Any amount due against permission to use trademark in relation to licensed products shall be treated as operational debt: NCLAT

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  • Last Updated on 6 December, 2022

Operational debt

Case Details: Somesh Choudhary, Suspended Director at Global Fragrances (P.) Ltd. v. Knight Riders Sports (P.) Ltd. - [2022] 145 taxmann.com 149 (NCLAT-New Delhi)

Judiciary and Counsel Details

    • Justice Anant Bijay Singh, Judicial Member & Mrs Shreesha Merla, Technical Member
    • Aditya Sharma, Adv. for the Appellant.
    • Vishal GehranaMs Ruby Singh AhujaLakshay KhannaJaiveer ShergillMs Arti Baluja, Advs. for the Respondent.

Facts of the Case

In the instant case, a Corporate Insolvency Resolution Process (CIRP) was initiated against Corporate Debtor. A license agreement was entered into between the corporate debtor and the respondent, who was the registered trademark owner of the trademark (KKR).

In terms of the agreement, respondent granted an exclusive right and a licence to use its trademark with the licensed products manufactured and sold by the corporate debtor, and the corporate debtor was obliged to pay certain consideration in form of ‘compensation’ to respondent as stated in the agreement.

Later, respondent raised invoices for an amount towards minimum guaranteed royalties payable by corporate debtor under license agreement. Despite several reminders corporate debtor failed in making payment. Consequently, respondent issued a demand notice and filed application under section 9 and same was admitted by NCLT.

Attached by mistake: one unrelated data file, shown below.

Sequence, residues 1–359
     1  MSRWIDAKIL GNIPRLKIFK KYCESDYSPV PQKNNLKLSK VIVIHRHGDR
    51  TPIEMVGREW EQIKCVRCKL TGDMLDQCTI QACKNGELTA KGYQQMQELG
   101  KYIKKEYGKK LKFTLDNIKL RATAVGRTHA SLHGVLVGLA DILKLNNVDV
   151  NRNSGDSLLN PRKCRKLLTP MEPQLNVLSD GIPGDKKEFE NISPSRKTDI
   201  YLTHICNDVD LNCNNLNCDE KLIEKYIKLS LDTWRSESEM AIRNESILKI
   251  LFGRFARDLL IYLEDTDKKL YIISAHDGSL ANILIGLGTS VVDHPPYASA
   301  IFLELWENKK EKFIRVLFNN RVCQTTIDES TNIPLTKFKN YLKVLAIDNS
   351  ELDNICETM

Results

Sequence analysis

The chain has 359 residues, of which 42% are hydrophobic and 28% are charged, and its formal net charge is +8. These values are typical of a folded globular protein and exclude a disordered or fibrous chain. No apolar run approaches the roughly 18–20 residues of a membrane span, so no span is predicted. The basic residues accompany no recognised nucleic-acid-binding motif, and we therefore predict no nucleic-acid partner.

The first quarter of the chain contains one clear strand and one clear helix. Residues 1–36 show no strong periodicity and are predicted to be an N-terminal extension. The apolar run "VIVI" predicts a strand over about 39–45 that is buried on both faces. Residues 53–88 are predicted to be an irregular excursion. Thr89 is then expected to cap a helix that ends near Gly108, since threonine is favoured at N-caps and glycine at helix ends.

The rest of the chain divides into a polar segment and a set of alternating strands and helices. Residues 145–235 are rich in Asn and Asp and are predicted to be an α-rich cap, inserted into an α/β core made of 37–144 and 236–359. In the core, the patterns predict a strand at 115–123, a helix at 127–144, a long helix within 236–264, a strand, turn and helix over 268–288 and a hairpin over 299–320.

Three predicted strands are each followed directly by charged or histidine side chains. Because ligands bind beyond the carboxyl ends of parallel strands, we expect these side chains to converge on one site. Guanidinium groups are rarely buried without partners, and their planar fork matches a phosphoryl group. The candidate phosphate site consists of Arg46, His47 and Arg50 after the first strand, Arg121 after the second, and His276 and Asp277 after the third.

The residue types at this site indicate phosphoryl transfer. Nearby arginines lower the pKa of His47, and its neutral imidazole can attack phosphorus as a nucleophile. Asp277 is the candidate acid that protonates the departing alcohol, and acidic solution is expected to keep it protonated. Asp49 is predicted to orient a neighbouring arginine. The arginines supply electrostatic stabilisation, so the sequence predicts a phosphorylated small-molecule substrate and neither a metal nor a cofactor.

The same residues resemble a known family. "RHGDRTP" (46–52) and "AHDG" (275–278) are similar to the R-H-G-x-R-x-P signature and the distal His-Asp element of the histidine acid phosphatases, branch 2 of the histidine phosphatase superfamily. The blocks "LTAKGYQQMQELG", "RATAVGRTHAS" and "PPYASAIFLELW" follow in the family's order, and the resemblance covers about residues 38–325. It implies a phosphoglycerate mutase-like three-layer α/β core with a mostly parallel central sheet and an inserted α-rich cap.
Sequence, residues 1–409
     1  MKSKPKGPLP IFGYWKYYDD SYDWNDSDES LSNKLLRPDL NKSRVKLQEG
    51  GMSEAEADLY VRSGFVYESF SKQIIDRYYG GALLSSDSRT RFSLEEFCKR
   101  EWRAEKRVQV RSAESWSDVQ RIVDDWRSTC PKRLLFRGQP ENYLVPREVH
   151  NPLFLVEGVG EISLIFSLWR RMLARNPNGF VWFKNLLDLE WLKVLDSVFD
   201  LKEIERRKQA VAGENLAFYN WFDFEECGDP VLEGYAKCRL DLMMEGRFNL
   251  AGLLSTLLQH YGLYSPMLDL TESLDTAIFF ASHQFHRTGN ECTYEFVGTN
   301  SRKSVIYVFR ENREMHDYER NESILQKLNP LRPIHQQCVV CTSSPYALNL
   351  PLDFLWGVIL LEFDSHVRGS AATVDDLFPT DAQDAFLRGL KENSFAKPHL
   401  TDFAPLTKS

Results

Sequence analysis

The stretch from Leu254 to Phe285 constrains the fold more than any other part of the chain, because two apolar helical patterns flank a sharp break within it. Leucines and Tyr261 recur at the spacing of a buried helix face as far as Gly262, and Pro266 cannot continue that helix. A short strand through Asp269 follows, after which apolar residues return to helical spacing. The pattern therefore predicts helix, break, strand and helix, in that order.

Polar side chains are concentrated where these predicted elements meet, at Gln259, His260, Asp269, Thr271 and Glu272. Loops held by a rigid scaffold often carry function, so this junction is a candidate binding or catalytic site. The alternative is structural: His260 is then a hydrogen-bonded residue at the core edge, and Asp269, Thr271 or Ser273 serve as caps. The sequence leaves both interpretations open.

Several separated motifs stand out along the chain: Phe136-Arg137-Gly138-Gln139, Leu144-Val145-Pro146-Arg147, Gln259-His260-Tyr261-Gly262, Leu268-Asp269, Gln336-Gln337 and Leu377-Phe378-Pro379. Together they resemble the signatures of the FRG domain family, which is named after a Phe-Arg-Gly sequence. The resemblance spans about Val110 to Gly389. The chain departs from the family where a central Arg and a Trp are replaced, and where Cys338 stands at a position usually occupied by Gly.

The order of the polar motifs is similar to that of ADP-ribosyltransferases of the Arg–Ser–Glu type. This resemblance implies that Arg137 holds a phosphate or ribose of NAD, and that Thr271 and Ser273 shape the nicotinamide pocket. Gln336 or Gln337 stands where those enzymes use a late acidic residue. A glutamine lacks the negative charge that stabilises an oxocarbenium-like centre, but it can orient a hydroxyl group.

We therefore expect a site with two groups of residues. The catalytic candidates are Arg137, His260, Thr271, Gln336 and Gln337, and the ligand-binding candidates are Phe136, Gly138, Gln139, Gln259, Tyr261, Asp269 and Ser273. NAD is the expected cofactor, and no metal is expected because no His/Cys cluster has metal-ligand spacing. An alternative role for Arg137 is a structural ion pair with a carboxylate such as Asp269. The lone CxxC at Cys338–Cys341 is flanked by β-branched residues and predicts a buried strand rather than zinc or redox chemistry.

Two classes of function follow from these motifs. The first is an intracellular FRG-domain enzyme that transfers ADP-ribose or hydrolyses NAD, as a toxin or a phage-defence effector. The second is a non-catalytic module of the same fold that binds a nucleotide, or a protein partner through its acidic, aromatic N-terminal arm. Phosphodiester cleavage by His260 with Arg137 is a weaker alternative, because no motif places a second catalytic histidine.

Pursuant to which a appeal was preferred claiming that the appellant-director of the corporate debtor submitted that the claim arose out of non-payment of Minimum Guaranteed Royalties, which did not arise out of non-payment of any goods or services and, therefore, could not be an operational debt.

NCLAT Held

Hon’ble NCLAT observed that, corporate debtor was permitted to use trademark in relation to its licensed products, there was temporary transfer/permission to use, constituting ‘provision of service’ rendered by respondent and, therefore, same fell within definition of service and any amounts ‘due and payable’ arising out of such service was an operational debt.

Further, Hon’ble NCLAT held that granting an exclusive right and license to corporate debtor to use trademark in association with licensed products had a direct nexus with business operations and sales also with actual supplied products by corporate debtor and, therefore, claim in respect of such provisions of ‘goods and services’, under terms of agreement, fell within ambit of definition of operational debt.

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